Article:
Contacting Parents by @sara_lou_loves

Name: SaraLouise
Twitter:  @sara_lou_loves
Sector:  Secondary
Subject: English
Position: 2ic/KS4 Coordinator
5 Bits of Advice About: Contacting parents

  1. Positive contact home is important and can build relationships. Always try to open and close a conversation with positives-it shows you care.
  2. Double check parent details for correct names and surnames as well as child protection issues- some parents must/must not receive the contact. Be sure before you call.
  3. Golden rule: start with a positive, explain the issue, explain the impact of the issue, explain what you have done already, tell them what you intend to do, end with a positive.
  4. Have specific data and facts ready before you call. Vague comments aren’t helpful. Most parents cannot and will not argue with specific data/ numbers.
  5. Remember, we may teach over 200 students a week but to the parent you are on the phone to, only their child matters. As a parent, you will understand that too.
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Parents and Carers by @Top_kat1

Name: Kate
Twitter name: @Top_kat1
Sector: Primary
Subject taught (if applicable):
Position: SLE / Teaching School
What is your advice about? Parents and Carers

1: Greet and meet them as often as you can; before and after school. Build your relationship as it supports your knowledge of their child. Win:win!

2: Be honest with them. Don’t wait to discuss an issue. Raise anything as soon as possible. Face to face if you can.

3: Prepare for parents evening. What progress? What next? How to help at home (pack of bits really supports this) and how they are socially. The whole child.

4: Parents evening #2: schedule longer conversations for a different night. A long queue of missed times will not make for happy meetings.

5: Accentuate the positive- try to ring some parents weekly just to flag up GREAT days/attitudes. Sending work home with a note also works well.

Phone Calls to Parents by @perkins254

Name: Michelle Perkins
Twitter name: @perkins254
Sector: Secondary
Subject taught (if applicable): English
Position: classroom teacher
What is your advice about? Phone calls to parents regarding behaviour

1: Always start your conversation in a positive way – even if it really hurts!
E.g. ‘Xxxx is usually quite cooperative/focused/attentive, however…’

2: Link your concern to progress: a parent will never argue that they don’t want their child to do well.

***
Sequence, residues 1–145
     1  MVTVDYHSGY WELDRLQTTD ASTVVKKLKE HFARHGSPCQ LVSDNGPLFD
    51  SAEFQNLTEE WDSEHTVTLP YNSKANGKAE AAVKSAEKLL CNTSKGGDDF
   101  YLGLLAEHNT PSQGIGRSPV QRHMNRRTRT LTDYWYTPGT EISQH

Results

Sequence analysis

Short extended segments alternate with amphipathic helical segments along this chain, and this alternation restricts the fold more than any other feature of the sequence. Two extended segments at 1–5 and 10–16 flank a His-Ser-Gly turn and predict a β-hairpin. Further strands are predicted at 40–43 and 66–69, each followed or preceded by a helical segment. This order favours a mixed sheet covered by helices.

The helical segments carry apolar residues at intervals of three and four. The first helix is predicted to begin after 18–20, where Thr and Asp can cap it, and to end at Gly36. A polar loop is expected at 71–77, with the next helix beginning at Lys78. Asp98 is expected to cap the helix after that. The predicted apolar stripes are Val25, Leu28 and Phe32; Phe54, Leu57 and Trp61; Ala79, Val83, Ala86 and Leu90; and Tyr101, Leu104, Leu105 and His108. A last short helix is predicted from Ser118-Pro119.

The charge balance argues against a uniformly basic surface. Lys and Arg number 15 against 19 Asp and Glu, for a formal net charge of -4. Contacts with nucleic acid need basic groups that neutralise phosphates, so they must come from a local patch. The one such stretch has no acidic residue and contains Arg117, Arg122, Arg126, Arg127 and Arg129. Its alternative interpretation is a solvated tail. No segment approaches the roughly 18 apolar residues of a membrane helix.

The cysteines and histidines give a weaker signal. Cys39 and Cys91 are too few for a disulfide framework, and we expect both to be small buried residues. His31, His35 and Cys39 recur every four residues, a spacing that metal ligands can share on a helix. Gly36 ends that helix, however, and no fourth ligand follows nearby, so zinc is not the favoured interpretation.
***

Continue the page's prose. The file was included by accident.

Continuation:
3: Never compare the child you are talking about to another in the class: ‘if Xxxx behaved more like Xxxx…’ Remember parents talk to each other!

4: If a parent suggests that their child is mimicking another, tell the parent that you are trying to encourage their child to think for themselves!

5: Always end on a positive, with an offer to follow up in 2/3 weeks. This shows commitment to child’s progress and parents will respond positively.

Working With Parents by @headteacher01

Name: Glyn Bishop
Twitter name: @headteacher01
Sector: Primary
Subject taught (if applicable): All subjects
Position: Headteacher
What is your advice about? Working with parents

1: Welcome parents into your classroom. You need to engage with them so easier to get them to come to you.

2: Start a conversation. They will want to have a relationship with you because you are an important part of their life at home.

3: Take every opportunity to share good news. It is so much easier to share bad news if you have previously given some great news.

4: Listen to any parental concerns. It may be difficult to hear but if you can show you listen and act on a concern you will build a reputation of being fair and approachable.

5: Find ways to keep parents informed. Giving parents an idea of what you are learning and questions to ask at home helps reinforce all of your hard work in the classroom.

Contacting Parents by @janbaker97

Name: Jan Baker
Twitter: @janbaker97
Sector:  Secondary
Subject: MFL
Position: Curriculum Leader
5 Bits of Advice About: Contacting parents

  1. Make sure you end each day with at least two positive phone calls home if you have to ring about children who have not met expectations. Do this just before you leave.
  2. Always make sure that you tell them you are either going to a meeting, on your way to a lesson or just on your way out to cut down on time spent on the phone to parents.
  3. Try and text or email home with positive comments each week. Parents love this and it’s good for keeping the students who cause you no trouble and work willingly on side.
  4. Don’t offer to pick up any other issues mentioned by the parent unless you genuinely have time to sort them out. Refer them instead to the appropriate person.
  5. Always start difficult conversations with “I’m a bit concerned about…” this way the parent will be more likely to be on side and willing to discuss any issues.